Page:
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Br J Gen Pract. 2018 Feb;68(667):e97-e104. doi: 10.3399/bjgp18X694565. Epub 2018 Jan 15.

Attendance of routine childcare visits in primary care for children of mothers with depression: a nationwide population-based cohort study.

Author information

1
Research Unit for General Practice, Department of Public Health, Aarhus University, Aarhus, Denmark.
2
Department of Public Health, Aarhus University, Aarhus, Denmark.
3
Research Unit for General Practice, and Section for General Medical Practice, Department of Public Health, Aarhus University, Aarhus, Denmark.
4
National Centre for Register-Based Research, Aarhus School of Business and Social Science, Aarhus University, Aarhus, Denmark.
5
Research Unit for General Practice, and Section for Epidemiology, Department of Public Health, Aarhus University, Aarhus, Denmark.

Abstract

BACKGROUND:

Depression is a common and potentially debilitating illness worldwide. Attendance to routine childcare appointments is a key point of interest in the effort to improve the health and care for families facing depression.

AIM:

To evaluate the association between maternal depression and offspring non-attendance to the Danish childcare and vaccination programme (CCP) for children from 0-5 years of age. The CCP consists of seven separate visits and several vaccinations. To investigate if exposure to recent and previous depression may affect attendance differently.

DESIGN AND SETTING:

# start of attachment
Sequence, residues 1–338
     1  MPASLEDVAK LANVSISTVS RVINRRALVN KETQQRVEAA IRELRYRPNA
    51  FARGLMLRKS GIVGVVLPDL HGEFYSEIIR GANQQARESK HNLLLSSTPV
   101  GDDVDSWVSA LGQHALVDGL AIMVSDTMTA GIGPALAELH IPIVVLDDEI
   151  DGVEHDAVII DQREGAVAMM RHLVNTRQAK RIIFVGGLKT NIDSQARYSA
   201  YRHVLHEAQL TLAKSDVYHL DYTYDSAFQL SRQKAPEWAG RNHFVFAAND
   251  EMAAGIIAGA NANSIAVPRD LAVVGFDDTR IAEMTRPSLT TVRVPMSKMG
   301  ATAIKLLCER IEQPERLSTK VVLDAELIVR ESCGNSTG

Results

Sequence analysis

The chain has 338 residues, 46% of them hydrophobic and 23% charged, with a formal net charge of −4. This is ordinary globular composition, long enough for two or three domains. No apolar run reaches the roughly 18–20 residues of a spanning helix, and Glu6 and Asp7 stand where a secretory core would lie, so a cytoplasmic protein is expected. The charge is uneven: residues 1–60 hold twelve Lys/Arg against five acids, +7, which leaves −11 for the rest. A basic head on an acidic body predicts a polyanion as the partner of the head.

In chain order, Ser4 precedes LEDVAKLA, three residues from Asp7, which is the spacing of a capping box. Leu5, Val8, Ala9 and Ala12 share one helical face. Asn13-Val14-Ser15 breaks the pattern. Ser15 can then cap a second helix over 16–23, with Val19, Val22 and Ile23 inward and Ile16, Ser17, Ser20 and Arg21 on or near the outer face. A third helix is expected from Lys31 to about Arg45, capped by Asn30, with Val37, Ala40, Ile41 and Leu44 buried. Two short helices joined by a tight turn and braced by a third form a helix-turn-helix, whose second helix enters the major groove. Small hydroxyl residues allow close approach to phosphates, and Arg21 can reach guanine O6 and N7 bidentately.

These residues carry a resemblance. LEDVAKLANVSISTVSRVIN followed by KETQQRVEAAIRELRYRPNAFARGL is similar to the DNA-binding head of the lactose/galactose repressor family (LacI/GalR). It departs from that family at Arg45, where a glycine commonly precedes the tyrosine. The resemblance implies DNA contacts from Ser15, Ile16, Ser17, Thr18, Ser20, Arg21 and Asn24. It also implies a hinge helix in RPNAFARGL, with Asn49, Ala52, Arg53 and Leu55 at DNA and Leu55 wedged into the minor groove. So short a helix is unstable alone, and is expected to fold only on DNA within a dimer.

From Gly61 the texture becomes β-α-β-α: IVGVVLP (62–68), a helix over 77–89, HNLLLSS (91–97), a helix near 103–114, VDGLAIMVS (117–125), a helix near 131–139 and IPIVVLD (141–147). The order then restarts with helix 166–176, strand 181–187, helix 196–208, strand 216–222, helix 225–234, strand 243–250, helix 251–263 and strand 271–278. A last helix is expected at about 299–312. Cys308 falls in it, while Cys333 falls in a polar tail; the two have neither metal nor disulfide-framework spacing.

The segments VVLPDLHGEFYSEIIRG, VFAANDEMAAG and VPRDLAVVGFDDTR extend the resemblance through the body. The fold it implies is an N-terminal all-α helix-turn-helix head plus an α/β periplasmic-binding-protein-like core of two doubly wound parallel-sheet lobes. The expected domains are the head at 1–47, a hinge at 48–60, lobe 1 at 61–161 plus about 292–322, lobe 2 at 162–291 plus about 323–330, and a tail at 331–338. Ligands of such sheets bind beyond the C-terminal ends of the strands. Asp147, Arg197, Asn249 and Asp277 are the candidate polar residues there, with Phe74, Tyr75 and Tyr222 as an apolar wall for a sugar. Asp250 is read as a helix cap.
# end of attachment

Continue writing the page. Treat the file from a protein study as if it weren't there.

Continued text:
Population-based cohort study using Danish nationwide registers.

METHOD:

Participants were all live-born children (n = 853 315) in Denmark in the period from 1 January 2000 until 31 August 2013, and their mothers. The outcome of interest was non-attendance of each one of the seven scheduled childcare visits and two vaccination entities in the CCP. Exposure was maternal (both previous and recent) depression. All information was obtained from Danish national registries.

RESULTS:

The risk of not attending CCP was higher for children of mothers with depression. For children of mothers with previous depression, the relative risk (RR) was 1.01 (95% confidence interval [CI] = 0.98 to 1.03) at the 5-week childcare visit, and 1.12 (95% CI = 1.09 to 1.14) at the 5-year childcare visit. For children of mothers with recent depression, the RR was 1.07 (95% CI = 1.03 to 1.13) at the 5-week visit, and 1.15 (95% CI = 1.13 to 1.17) at the 5-year visit. Furthermore, the risk of missing at least four of the seven childcare visits was higher for children of females with maternal depression (RR = 1.16, 95% CI = 1.13 to 1.19).

CONCLUSION:

Maternal depression seems to compromise CCP attendance. These findings suggest a need for careful clinical attention to these vulnerable families, even years after a diagnosis of depression.

KEYWORDS:

Denmark; child care; delivery of health care; depression; general practice; maternal

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